South Korean Women Tell Men to Have Babies Themselves or Stay Childless
“Why are rich countries having fewer babies than poor countries, especially Nigeria, where baby production is unprecedented?”
Having babies does incredible things to the female body. Statistics show that the more intelligent the woman, the less likely she is to go the gestation route. South Korea has one of the highest educated populations, and its beauty standard is arguably the highest globally. Women value their looks over anything else, so they are not willing to sacrifice their bodies for men who are likelier than not to leave them for another woman.
Here Comes the Conundrum:
The South Korean population is declining. Women have refused to produce babies. The government has incentivised women who give birth, but its impact is near zero. One of the most homogeneous countries in the world, South Korea is very reluctant to go the Western route, where immigration is encouraged overseas to leverage the shortfall in-house. Koreans want to uphold their language, culture, tradition, and ethnicity.
However, Korean women are not making it easier for the demography; they would not let anything come in between the quest to look physically attractive to maintain the fierce Korean beauty standard. Already the capital of cosmetic surgery, Korean women will do almost anything to stay fit and young. Any woman weighing above 55kg is considered fat; by that, the majority of Nigerian women are overweight in the eyes of South Koreans. The average weight for a woman in Nigeria is 70kg.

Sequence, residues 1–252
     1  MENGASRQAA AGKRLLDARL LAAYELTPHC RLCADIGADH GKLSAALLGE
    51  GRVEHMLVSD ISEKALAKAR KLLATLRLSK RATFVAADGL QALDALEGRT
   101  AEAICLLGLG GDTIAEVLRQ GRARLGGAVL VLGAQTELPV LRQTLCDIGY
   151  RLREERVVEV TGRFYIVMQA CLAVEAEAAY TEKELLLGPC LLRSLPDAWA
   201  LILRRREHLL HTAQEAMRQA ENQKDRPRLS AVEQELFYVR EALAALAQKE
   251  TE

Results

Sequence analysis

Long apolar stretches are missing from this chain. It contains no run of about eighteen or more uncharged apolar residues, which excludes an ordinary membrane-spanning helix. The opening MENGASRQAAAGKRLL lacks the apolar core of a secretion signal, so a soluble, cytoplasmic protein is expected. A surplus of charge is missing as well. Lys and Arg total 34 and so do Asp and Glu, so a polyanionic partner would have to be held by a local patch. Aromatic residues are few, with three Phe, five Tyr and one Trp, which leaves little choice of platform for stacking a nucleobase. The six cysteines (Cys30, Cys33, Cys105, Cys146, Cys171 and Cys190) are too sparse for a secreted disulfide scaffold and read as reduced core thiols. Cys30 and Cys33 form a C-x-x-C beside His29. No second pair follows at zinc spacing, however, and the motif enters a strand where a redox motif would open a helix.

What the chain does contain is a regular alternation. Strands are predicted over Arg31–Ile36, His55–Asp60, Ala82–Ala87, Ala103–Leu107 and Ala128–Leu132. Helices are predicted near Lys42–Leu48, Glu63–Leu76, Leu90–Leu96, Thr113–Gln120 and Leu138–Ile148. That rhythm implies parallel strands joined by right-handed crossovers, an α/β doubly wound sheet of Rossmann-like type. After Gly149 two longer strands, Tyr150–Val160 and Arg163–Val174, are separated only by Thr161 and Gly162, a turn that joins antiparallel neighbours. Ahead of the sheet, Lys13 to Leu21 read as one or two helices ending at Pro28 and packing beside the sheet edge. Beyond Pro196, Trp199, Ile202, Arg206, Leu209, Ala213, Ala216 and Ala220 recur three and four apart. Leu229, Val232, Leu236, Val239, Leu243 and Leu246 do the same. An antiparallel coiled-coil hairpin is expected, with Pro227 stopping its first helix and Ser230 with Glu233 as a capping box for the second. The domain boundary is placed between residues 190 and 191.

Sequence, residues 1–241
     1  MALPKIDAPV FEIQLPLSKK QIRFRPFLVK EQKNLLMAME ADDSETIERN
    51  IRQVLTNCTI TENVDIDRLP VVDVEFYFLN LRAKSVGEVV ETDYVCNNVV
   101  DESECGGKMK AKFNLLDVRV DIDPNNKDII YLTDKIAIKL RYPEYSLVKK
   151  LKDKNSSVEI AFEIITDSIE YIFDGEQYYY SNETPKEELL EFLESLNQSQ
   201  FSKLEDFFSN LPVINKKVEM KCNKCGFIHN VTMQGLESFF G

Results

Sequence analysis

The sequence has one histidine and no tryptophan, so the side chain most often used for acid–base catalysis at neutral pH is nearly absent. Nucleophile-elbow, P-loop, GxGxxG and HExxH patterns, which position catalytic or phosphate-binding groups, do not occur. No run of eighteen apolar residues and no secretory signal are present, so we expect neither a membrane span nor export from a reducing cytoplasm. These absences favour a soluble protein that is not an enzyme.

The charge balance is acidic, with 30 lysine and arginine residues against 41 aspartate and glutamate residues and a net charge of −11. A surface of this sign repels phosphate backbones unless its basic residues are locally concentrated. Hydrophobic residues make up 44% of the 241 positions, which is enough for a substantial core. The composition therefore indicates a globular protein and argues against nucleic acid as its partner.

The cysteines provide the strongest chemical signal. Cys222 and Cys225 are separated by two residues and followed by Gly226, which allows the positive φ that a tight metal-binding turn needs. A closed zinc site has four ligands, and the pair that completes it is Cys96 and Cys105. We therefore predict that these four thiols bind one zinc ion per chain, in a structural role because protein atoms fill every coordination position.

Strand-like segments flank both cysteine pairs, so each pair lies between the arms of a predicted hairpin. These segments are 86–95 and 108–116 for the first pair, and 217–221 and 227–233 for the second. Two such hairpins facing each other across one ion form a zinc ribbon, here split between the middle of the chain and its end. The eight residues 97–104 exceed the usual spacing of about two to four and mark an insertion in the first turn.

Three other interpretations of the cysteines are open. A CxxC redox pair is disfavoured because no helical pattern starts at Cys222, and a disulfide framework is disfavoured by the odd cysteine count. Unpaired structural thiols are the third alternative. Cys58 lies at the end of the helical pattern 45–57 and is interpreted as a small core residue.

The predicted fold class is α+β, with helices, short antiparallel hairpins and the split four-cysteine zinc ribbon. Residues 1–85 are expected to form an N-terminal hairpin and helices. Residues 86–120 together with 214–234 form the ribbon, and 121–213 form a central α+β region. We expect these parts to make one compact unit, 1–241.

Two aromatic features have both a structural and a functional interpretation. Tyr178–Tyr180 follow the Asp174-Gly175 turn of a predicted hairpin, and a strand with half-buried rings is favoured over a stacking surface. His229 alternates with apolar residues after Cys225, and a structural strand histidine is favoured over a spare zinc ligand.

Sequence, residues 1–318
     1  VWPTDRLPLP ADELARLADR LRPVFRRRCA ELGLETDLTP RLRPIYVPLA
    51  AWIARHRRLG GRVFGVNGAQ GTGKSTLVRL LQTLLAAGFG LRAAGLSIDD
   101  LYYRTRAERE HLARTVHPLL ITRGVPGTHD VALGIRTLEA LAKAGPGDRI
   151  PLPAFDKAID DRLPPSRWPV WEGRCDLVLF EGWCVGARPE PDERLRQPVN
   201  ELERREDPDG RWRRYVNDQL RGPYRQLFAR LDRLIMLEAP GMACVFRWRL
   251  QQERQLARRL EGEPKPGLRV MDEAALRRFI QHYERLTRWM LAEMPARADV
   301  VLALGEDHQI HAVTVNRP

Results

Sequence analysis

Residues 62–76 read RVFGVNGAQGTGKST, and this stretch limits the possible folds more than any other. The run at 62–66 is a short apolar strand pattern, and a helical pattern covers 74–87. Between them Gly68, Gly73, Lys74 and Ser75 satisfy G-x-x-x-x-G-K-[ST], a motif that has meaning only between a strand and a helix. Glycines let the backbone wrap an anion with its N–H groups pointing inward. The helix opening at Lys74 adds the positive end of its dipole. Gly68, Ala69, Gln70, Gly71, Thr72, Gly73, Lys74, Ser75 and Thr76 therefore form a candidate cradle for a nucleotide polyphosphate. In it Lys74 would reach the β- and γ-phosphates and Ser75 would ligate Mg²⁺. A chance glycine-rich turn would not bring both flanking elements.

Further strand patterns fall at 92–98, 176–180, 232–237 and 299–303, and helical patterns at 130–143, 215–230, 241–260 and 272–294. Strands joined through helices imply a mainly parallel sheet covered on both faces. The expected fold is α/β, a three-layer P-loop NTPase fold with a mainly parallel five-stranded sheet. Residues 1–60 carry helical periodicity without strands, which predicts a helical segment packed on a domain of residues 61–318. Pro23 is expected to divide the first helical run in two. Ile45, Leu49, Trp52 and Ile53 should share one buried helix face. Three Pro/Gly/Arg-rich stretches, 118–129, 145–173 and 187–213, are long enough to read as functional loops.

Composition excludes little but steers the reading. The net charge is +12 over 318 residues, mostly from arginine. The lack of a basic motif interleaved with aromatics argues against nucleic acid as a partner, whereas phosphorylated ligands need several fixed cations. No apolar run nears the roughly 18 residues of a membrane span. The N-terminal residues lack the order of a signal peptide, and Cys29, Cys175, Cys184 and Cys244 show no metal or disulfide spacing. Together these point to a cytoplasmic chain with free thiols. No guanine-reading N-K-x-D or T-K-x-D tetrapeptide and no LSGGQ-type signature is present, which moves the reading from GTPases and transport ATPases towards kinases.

The Reality of South Korea’s Population:
The South Korean population is declining faster than Kim Jong Un, sitting just under 200 kilometres from Seoul in Pyongyang, could run. No other country declines at such a rate. If the current trend continues, the 19–34 South Koreans will decline by half in under three decades. A whopping drop to 11% of the total population in a country where the age gap is widening against the backdrop of a record-low birthrate echoed the South Korean statistical agency.
by Ikechukwu ORJI